Sent: Friday, December 04, 1998 5:51 PM
Subject: Proposed rulemaking comments
December 4, 1998
VIA TELEFAX: 703-308-6916
Attn: Hiram H. Bernstein
Box Comments - Patents
Assistant Commissioner for Patents Washington, DC 20031
The proposed changes in rules to implement the patent business goals are, for the most part, excellent. All persons involved in the creation of this wonderful work are entitled to the highest praise.
I think, however, that two points need further consideration, these points being numbered 7 and 9 in the presentation of the planned rule changes, and relating respectively to reducing the time for filing corrected or formal drawings, and imposing requirements on information disclosure statement submissions.
As to reducing time for filing corrected or formal drawings, in cases originating abroad, one month simply is not enough time. At the attorney's office, the Notice of Allowability must be studied for accuracy and docketed and then reported to the client. In the case of applications originating abroad, the client, in most of such cases that we handle, is a private patent firm. This private patent firm, in turn, must study, docket and report to its client (either the inventor or inventors or the assignee) the Notice of Allowability and request instructions as to the production of formal drawings and payment of the government issue fee. Then, the procedure must be reversed, with the result that the instructions for payment of the issue fee often do not reach us, in such cases originating abroad, until almost three months after the date of the Notice of Allowability.
Were we to anticipate the instruction to pay the issue fee, then of course we could immediately order the production of formal drawings (or ask the client to supply the same) within the one-month limitation. But it is not that simple: if we produce new drawings on our own initiative, and at the end of the three months from the Notice bf Allowability the client overseas decides not to pay the issue fee, then who pays for the drawings? In a case with multiple sheets of drawings, the cost of producing formal drawings can be the largest expense encountered in the course of prosecution.
Even with the present three-month window for formal drawings, and the opportunity to extend, we often find ourselves pressed to the wall under the above circumstances.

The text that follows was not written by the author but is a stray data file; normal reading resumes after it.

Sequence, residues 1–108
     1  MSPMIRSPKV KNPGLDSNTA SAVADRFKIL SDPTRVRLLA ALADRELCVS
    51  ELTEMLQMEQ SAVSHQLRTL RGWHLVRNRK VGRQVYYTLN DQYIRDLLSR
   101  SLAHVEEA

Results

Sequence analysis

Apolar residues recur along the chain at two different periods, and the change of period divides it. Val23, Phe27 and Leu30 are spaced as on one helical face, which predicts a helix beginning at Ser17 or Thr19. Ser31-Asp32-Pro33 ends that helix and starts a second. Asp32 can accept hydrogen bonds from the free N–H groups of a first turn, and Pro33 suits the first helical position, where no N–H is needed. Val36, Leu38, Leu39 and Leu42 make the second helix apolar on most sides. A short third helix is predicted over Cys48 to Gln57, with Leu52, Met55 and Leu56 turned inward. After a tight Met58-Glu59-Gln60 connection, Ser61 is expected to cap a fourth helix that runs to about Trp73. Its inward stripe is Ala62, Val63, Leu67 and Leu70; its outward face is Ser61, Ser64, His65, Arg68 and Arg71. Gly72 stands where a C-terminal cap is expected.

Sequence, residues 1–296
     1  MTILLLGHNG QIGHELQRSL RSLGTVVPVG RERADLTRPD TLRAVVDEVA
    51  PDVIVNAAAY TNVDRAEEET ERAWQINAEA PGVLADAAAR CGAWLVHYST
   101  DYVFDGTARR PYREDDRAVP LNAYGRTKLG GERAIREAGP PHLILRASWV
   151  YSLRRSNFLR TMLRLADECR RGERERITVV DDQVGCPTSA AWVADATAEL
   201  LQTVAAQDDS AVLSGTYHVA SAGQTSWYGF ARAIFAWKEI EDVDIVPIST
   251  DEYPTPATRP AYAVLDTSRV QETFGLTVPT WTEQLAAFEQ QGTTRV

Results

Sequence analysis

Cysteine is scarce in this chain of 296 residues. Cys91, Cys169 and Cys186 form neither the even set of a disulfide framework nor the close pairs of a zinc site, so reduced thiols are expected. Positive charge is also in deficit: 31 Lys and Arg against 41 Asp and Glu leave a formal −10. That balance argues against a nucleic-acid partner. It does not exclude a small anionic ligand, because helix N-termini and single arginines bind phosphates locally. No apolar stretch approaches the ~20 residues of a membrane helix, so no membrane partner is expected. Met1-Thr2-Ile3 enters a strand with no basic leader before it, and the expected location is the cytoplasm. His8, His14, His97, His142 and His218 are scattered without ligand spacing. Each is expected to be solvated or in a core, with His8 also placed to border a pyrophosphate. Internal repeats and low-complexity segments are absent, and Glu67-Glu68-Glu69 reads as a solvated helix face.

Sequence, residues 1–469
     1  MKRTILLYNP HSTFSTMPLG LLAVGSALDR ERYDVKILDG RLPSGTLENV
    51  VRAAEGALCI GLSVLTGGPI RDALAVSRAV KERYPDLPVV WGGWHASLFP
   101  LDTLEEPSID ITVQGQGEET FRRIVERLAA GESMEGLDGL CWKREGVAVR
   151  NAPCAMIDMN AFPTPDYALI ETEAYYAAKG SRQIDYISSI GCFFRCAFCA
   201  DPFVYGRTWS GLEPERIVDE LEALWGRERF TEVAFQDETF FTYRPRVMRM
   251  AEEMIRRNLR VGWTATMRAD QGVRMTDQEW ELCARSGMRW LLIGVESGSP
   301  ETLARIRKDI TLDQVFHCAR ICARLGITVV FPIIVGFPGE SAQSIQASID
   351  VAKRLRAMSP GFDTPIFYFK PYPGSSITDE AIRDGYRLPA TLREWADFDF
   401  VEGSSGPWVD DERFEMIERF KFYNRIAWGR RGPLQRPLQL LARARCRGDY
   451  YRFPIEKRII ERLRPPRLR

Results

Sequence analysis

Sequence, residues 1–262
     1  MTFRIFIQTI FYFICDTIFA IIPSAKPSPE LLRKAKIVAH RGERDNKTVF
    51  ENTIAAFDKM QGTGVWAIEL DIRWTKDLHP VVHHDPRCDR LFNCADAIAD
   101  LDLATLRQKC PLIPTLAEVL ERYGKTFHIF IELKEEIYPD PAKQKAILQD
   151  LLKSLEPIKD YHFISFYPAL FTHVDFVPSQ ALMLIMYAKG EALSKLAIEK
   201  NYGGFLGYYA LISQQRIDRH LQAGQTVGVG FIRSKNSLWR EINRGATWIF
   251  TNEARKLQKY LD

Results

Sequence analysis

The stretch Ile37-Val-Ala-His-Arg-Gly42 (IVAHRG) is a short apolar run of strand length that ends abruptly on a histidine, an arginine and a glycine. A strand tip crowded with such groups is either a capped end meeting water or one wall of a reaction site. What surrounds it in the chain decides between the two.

Reducing pendency is not a good argument for a one- month time for submission of new drawings. In each such case, increased pendency is at the expense of the term of the patent to issue; and so applicants already have all the needed incentive to supply formal drawings at the earliest possible moment.
So I would prefer that the procedure be left as it is.
However, if a change must be made, then the alternative proposal, namely, to require new drawings to be filed in reply to an Office Action indicating allowable subject matter, would be preferable to the one-mo6th limitation. Indeed, such a procedure would presumably eliminate, in such cases, the hassle of matching new drawings to an allowed application.
In short, if you must make a change, change to the requirement that new drawings be filed in reply to an Office Action indicating allowable subject matter.
The requirement (numbered 9) that the attorney state that he/she has personally reviewed each submitted I.D.S. citation to determine whether the citation is relevant to the claimed invention, would impose a quite unnecessary burden on the attorney and a corresponding unnecessary cost to the applicant.
In cases originating abroad, the U.S. attorney files the application without necessarily having any knowledge of the claimed invention, much less what citations might be relevant to the claimed invention. These citations ordinarily have one of two origins:
1) either they were citations known to the inventor or inventors or the assignee; or
2) they were cited in the search report of a corresponding application such as the International, European or Japanese, among others.
The fact that the inventor or inventors or assignee consider certain citations to be the most pertinent, should suffice: the U.S. attorney should not have to make an entirely duplicative and costly study to confirm this.
Moreover, as to citations made abroad, if a patent examiner anywhere in the world thinks a citation is worth citing, then that should suffice: why should a U.S. attorney, having no knowledge of the claimed invention or the content of the citation, have to second-guess a patent examiner in another country who has already made a determination of relevance?
So long as there is a ten-citation limit on those citations that can be provided with no explanation of them, such a statement of relevance is quite unnecessary.
Moreover, the burden is on the applicants and everyone connected with them, to produce the most relevant known citations. Failing this, the resulting patent may be unenforceable. This fact makes it completely unnecessary for the U.S. attorney to add his or her determination of relevance.
In short, if the ten-citation limitation is imposed, as I think it
should be, then the requirement of a statement of relevance by the U.S. attorney becomes a useless, burdensome and expensive exercise.
YOUNG & THOMPSON
Robert J. Patch